- The Washington Times - Sunday, December 4, 2011

Fourteen weeks produced an unquestioned No. 1.

As for No. 2? Not so much.

Louisiana State was already in excellent shape to reach the national title game even before throttling Georgia in the second half of a 42-10 victory in the SEC championship game. The 13-0 Tigers’ place in the BCS title game was well-earned thanks to victories over Alabama, Arkansas, Georgia, Oregon and West Virginia, with only one of those coming in Baton Rouge.

Next comes the debate between Alabama and Oklahoma State, a pair of 11-1 teams whose accomplishments are effectively equal.

Alabama possesses the most impressive victory of the two teams, a rout of Arkansas back in September. The total quality of Oklahoma State’s victories, which included Kansas State, Baylor and Oklahoma , is greater than the Crimson Tide’s accomplishments in a top-heavy SEC.

The Cowboys’ lone loss, though, is a puzzler. Oklahoma State dropped an overtime contest Nov. 18 at Iowa State, a team en route to a 6-6 finish. Alabama’s only setback was 9-6 field goal fest against Louisiana State at home. That game, too, needed overtime.

There are sound arguments for both. The Crimson Tide were truly superior in their 11 victories, leading by double digits for every second of the fourth quarters of those games. Oklahoma State did not lose at home, a significant item with such a limited sample size of games.

Alabama ranks No. 1 in total defense and scoring defense. Oklahoma State is No. 2 in scoring offense and No. 3 in total offense. It would make for a fascinating national semifinal, if such a thing existed.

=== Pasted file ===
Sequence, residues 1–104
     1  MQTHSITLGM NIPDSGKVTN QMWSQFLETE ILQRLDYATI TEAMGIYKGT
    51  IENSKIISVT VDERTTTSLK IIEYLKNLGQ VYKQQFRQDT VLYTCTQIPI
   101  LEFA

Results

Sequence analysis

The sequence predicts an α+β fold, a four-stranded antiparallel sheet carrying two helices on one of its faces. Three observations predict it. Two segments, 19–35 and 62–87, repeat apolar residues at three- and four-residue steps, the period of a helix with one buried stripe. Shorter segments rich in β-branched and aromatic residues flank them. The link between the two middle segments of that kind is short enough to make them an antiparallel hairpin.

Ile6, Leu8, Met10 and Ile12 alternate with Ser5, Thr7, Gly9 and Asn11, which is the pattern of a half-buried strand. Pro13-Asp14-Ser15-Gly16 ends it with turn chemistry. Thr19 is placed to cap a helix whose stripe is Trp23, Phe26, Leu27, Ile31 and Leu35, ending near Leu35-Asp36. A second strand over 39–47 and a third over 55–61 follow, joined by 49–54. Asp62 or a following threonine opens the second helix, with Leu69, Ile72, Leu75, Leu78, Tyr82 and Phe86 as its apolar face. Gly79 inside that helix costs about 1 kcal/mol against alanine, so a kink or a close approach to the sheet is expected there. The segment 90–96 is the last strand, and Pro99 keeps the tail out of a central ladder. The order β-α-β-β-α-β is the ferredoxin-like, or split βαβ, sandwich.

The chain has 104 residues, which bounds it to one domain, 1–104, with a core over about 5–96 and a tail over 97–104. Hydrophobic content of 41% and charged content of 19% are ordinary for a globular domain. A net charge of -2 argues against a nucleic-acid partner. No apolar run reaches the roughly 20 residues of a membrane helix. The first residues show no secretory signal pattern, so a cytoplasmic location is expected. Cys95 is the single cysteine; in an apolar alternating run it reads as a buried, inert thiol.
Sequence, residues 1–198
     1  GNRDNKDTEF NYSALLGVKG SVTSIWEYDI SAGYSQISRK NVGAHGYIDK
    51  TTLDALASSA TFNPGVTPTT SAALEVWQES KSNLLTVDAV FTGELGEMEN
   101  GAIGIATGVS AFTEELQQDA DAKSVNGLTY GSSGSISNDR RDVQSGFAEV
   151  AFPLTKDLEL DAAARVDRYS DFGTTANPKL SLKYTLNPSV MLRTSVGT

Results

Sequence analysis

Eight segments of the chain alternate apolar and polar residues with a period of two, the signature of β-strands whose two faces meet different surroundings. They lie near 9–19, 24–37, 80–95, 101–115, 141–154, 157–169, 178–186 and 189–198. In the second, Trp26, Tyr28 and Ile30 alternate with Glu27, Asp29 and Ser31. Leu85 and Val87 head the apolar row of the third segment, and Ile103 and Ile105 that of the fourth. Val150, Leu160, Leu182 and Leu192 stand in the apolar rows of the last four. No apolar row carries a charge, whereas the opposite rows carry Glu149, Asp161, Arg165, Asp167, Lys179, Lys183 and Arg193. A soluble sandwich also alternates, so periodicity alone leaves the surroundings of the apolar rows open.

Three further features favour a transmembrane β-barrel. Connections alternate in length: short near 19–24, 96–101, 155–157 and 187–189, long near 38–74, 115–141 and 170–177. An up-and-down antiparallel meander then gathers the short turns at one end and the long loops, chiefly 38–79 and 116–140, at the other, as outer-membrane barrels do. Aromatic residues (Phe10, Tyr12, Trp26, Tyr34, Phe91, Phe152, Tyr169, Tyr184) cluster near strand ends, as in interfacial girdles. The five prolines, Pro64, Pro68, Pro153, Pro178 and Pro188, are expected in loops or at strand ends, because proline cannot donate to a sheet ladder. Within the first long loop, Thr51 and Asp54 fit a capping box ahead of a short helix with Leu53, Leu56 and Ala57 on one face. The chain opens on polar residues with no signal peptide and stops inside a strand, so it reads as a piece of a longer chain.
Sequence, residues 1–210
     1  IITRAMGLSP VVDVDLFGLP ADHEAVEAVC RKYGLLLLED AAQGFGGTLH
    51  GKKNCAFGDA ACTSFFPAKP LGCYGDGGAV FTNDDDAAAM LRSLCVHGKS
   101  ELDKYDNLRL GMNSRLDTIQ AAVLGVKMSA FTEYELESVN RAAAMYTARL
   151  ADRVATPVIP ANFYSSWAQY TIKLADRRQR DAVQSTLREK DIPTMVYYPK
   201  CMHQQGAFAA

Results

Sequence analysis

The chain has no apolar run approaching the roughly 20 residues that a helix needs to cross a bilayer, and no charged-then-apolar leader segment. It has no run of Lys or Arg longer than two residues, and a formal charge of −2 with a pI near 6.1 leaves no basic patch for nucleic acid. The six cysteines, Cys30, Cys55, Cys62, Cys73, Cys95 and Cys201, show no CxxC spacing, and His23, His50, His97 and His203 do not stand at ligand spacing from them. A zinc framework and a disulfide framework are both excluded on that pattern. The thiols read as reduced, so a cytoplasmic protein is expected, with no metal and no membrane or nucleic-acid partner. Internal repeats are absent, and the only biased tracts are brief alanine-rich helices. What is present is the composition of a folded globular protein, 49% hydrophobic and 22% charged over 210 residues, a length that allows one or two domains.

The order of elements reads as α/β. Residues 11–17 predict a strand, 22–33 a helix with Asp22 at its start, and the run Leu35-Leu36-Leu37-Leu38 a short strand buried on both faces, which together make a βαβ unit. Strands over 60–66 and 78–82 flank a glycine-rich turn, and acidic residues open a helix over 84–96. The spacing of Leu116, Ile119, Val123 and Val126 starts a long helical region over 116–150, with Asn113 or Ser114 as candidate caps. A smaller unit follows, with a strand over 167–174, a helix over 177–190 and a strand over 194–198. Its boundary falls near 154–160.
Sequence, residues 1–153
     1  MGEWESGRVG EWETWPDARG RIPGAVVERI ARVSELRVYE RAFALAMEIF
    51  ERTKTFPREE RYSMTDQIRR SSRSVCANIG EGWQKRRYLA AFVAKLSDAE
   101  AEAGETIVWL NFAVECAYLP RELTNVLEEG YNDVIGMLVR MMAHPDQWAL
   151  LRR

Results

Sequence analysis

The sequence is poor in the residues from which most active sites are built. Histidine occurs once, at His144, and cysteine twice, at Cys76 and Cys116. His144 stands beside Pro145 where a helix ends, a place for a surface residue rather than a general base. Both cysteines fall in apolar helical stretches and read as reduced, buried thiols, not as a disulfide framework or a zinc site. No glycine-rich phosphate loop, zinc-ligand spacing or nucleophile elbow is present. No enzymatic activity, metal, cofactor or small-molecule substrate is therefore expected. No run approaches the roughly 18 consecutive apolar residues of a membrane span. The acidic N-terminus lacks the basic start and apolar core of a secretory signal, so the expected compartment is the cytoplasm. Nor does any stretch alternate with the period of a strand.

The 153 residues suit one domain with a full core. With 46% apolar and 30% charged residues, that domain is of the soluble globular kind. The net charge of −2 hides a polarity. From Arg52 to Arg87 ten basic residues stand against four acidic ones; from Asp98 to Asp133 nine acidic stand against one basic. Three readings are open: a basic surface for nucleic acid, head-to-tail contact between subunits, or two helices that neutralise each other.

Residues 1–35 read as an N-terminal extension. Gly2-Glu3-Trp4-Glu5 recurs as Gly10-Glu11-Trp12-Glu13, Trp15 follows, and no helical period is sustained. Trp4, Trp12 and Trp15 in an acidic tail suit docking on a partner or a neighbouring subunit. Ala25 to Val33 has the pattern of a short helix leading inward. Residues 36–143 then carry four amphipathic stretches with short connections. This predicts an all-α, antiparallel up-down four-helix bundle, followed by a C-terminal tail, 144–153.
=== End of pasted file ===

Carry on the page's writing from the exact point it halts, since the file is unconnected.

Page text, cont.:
There are also invalid arguments, all of which were spouted endlessly late Saturday and into Sunday. Alabama’s membership in the SEC does not constitute a birthright to play for a championship.

And the fact that Oklahoma State has yet to play Louisiana State while Alabama lost to the Tigers at home does not mean the Cowboys “deserve a shot.”

Either way, both teams have a case to be No. 2, and someone is certain to repeat theirs for a long time to come as a result of being excluded from next month’s title game.

Weekend risers

Clemson. The Tigers are ACC champions for the first time in two decades after thrashing Virginia Tech for the second time this season. So much for Clemson’s late-season fade; it shrugged off a 1-3 to slide to earn an Orange Bowl berth. And for those counting in the Palmetto State, that’s one BCS berth for the Tigers and none for South Carolina.

Brad Nortman. The Wisconsin punter won’t need to buy a drink in Madison for a long time to come. Nortman drew a running into the kicker penalty in the closing minutes of the Big Ten title game, negating a long Michigan State return and giving the Badgers a first down. Wisconsin then ran out the clock to book passage to the Rose Bowl for the second straight year.

Robert Griffin III. The Baylor quarterback completed a masterful regular season, throwing for 320 yards and two touchdowns as the Bears routed Texas to secure their first nine-win season since 1986. Griffin is ranked first nationally in pass efficiency and second in total offense, and accounted for 45 touchdowns (36 passing, nine rushing) against six interceptions.

Weekend decliners

Conference USA. So much for getting a representative in a BCS contest. Previously unbeaten Houston put its skimpy resume on the line in the league title game against Southern Mississippi and was smoked 49-28.

Howard Schnellenberger fans. Florida Atlantic’s 26-0 loss to UL Monroe brought an end to the career of the retiring Owls coach. Other coaches accomplished more, but the colorful Schnellenberger won a national title in 1983, built Miami and Louisville into relevant programs, established a program at Florida Atlantic and did nearly everything with ample showmanship.

Oklahoma. Injuries to wideout Ryan Broyles and tailback Dominique Whaley hurt the Sooners down the stretch, and their absence was especially painful in Saturday’s 44-10 loss to Oklahoma State. It was Oklahoma’s largest margin of defeat against the Cowboys since 1945, and capped a 9-3 regular season that began with hopes of a national title.

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